Nitrogen (N) is an essential nutrient for plant growth and most plants require 20-50 g of N taken up by their roots to produce 1 kg of dry biomass. Although N is one of the most abundant elements on earth, agricultural soils are deficient in N and thus, to sustain crops productivity soils require their supplementation with N compounds. In fact, during the past decades the addition of fertilizers has greatly increased global food production. Indeed, more than 100 million metric tons of nitrogenous fertilizers are added to the soil worldwide annually. However, although necessary for an optimal production, the intensive use of fertilizers has made agriculture one of the major environmental threats. For its production, 1 metric ton of fertilizer synthesized through the Haber-Bosch process requires 873 m3 of natural gas accounting for 1% of global energy consumption every year. Moreover the N release from agriculture systems menaces air, water and soil quality through nitrate (NO3–) leaching into freshwater. Incomplete capture and poor conversion of nitrogen fertilizer also causes global warming through emissions of nitrous oxide (N2O) and reactive N gases (NOx, NH3). One of the most known effects of nitrate leaching is water eutrophication, which can cause algae blooms like the one shown in Figure 1 that leads to oxygen consumption in the water leading even to massive die-off of fish and other animals.
Despite nitrate is dangerous for the environment, it is the most important source of mineral N for plants growing in aerobic soils. Plants uptake NO3– from the soil by absorbing it across the plasma membrane of the root cells. Once inside, NO3– is reduced to ammonium (NH4+) by the action of nitrate and nitrite reductases enzymes and then assimilated into organic molecules like amino acids for plant growth.
We can imagine several ways to reduce nitrate impact in the environment, but all of them rely on the same principle: to apply less nitrate into the agriculture system. This can be achieved among others by the use of fertilizers based on different N forms, like ammonium-based fertilizers, urea or organic fertilizers. Although these represent a promising and sometimes efficient alternative, they present some disadvantages that can lead to crops yield reduction, aspect that will be covered in a future article. Thus, reducing NO3– input into the agriculture system while still using nitrate, inevitably passes through growing plants with higher nitrate use efficiency. Among the different strategies that a plant can deploy to improve its nitrate use efficiency, its uptake is a key aspect and two papers recently published in Nature from a group of the University of Washington, U.S.A. 1 and from the University of Oxford, U.K. 2 shed new relevant light on nitrate transporters regulation.
Nitrate transporters are located in the plasma membrane of root cells. The quantity of nitrate available in the soil fluctuates depending on environmental conditions like temperature influencing microbial activity or water precipitations resulting in nitrate leaching. To cope with this, plants dispose of nitrate transporters with different affinity towards nitrate: NRT1 low affinity and NRT2 high affinity transporters. The first nitrate transporter identified belongs to the NRT1 family and is called NRT1.1. About twenty years ago it was discovered that NRT1.1 is a dual-affinity transporter and about ten years ago it was provided the first evidence on how NRT1.1 could regulate this double affinity unraveling that phosphorylation of a threonine residue (Thr101) was responsible for this change in affinity.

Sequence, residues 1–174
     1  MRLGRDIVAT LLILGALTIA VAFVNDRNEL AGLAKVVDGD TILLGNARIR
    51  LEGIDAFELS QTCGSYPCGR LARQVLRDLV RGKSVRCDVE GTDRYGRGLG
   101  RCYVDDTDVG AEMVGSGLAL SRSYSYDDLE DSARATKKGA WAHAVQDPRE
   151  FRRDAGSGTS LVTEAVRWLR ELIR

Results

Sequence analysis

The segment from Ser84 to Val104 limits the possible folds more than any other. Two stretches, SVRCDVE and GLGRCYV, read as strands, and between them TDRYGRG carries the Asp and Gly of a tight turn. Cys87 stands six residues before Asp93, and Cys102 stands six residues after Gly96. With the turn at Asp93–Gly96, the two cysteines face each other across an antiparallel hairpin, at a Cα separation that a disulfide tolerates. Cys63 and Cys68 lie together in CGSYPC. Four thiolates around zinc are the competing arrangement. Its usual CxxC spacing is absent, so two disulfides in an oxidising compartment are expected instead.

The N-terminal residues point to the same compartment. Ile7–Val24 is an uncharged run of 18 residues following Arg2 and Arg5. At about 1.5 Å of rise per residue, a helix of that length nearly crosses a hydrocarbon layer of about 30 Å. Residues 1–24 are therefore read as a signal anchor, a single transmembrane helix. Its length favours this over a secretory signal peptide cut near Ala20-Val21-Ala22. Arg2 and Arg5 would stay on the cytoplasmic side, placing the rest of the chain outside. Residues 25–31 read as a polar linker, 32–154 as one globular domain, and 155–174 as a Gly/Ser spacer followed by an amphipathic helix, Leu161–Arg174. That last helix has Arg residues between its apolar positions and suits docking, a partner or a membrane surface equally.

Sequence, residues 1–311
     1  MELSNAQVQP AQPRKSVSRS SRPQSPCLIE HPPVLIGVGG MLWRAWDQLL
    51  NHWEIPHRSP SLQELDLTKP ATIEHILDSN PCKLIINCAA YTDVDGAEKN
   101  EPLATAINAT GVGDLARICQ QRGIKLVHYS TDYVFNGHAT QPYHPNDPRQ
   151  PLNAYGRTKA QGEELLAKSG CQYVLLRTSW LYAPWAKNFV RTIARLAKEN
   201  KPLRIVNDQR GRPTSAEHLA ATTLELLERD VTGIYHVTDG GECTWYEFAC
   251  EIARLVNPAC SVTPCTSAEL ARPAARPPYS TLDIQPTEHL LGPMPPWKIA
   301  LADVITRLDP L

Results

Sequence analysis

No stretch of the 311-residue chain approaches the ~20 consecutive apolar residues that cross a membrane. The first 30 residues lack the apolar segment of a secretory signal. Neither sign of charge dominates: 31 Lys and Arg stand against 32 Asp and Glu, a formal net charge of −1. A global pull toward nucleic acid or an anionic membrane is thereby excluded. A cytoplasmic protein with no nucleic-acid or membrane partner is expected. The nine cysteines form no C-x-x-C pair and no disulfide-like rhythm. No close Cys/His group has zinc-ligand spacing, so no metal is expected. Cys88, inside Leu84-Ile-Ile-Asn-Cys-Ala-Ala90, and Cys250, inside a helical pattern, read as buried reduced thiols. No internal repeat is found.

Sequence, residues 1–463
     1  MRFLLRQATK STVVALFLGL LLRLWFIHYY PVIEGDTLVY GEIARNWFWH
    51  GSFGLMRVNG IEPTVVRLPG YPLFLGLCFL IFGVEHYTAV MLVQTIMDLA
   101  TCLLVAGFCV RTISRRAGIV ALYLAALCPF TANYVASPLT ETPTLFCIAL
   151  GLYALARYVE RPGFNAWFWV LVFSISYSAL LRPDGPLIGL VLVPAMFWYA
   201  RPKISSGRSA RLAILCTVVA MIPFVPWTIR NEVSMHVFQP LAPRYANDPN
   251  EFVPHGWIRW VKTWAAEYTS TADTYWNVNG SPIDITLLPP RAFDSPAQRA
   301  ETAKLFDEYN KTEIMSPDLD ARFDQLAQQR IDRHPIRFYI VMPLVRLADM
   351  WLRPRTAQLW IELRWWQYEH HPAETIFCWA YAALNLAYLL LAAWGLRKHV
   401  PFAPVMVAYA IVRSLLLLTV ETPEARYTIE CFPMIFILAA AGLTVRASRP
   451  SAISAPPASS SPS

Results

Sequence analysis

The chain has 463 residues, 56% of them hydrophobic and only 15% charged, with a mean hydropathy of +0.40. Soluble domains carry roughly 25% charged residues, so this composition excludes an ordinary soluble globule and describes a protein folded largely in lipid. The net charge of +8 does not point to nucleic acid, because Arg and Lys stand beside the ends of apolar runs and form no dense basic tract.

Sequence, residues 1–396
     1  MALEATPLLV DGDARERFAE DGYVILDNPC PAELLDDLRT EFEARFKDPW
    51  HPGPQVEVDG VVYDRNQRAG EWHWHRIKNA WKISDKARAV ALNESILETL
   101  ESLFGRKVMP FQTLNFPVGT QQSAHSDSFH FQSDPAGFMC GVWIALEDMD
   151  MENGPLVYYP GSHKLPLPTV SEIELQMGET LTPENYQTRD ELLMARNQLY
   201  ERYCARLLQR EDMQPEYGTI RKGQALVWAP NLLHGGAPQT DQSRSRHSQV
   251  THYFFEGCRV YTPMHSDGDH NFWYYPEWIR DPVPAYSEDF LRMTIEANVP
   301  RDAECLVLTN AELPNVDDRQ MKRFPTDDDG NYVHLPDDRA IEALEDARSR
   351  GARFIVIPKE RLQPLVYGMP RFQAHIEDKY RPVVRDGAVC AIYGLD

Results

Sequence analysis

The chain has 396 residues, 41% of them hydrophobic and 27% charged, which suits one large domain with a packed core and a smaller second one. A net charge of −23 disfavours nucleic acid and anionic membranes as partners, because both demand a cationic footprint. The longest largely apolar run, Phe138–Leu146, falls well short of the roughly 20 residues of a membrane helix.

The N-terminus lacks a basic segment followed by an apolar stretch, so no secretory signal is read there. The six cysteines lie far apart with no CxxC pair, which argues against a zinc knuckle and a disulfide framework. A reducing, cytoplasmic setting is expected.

The papers by Sun et al., and Parker and Newstead (2014) provided, by the use of crystallography, new interesting insights on NRT1.1 structure and regulation of its affinity switch. NRT1.1 can be opened towards the inside of the cell, towards the outside, or closed in both sides. Both works resolved about the structure opened facing the cell cytoplasm and identified a histidine residue (His356) as the nitrate-binding site (Figure 2). For instance, the substitution of His356 amino acid by alanine provoked the loss of Arabidopsis thaliana NRT1.1 nitrate binding capacity. Besides, both works showed that NRT1.1 crystallizes as a dimer. However, Parker and Newstead considered dimerization as an artifact of the crystallization procedure and Sun and coauthors proposed a model linking the phosphorylation state of NRT1.1 with its oligomeric state. Sun et al., observed that a mutated NRT1.1 being constitutively phosphorylated on its Thr101 residue provoked the dimer dissociation and proposed that NRT1.1 acts as a high affinity transporter as a monomer (phosphorylated) and as low affinity transporter as a dimer (unphosphorylated). Parker and Newstead proposed that phosphorylation was rather affecting NRT1.1 structural flexibility and associated this with its rate of transport. A smart comment3 about these two articles attempted to bring peace between both models by proposing that the NRT1.1 dimer would have a lower structural flexibility than the monomer (Figure 3).
In summary, contributions towards the molecular understanding of nitrate transport can be essential for future improvement of plants ability to take up nitrate and thus to increase their nitrogen use efficiency. In this sense, resolving NRT1.1 structure provides a valuable basis for future research on nitrate transport which could finally result in the mitigation of some of the detrimental effects of intensive agriculture.
- Ji Sun, John R. Banksto2, Jian Payandeh, Thomas R. Hinds, William N. Zagotta and Ning Zheng (2014) Crystal structure of the plant dual-affinity nitrate transporter NRT1.1. Nature 507, 73-77. ↩
- Joanne L. Parker and Simon Newstead (2014) Molecular basis of nitrate uptake by the plant nitrate transporter NRT1.1. Nature 507, 73-77. ↩
- Yi Fang Tsay (2014) How to switch affinity. Nature 507, 44-45. ↩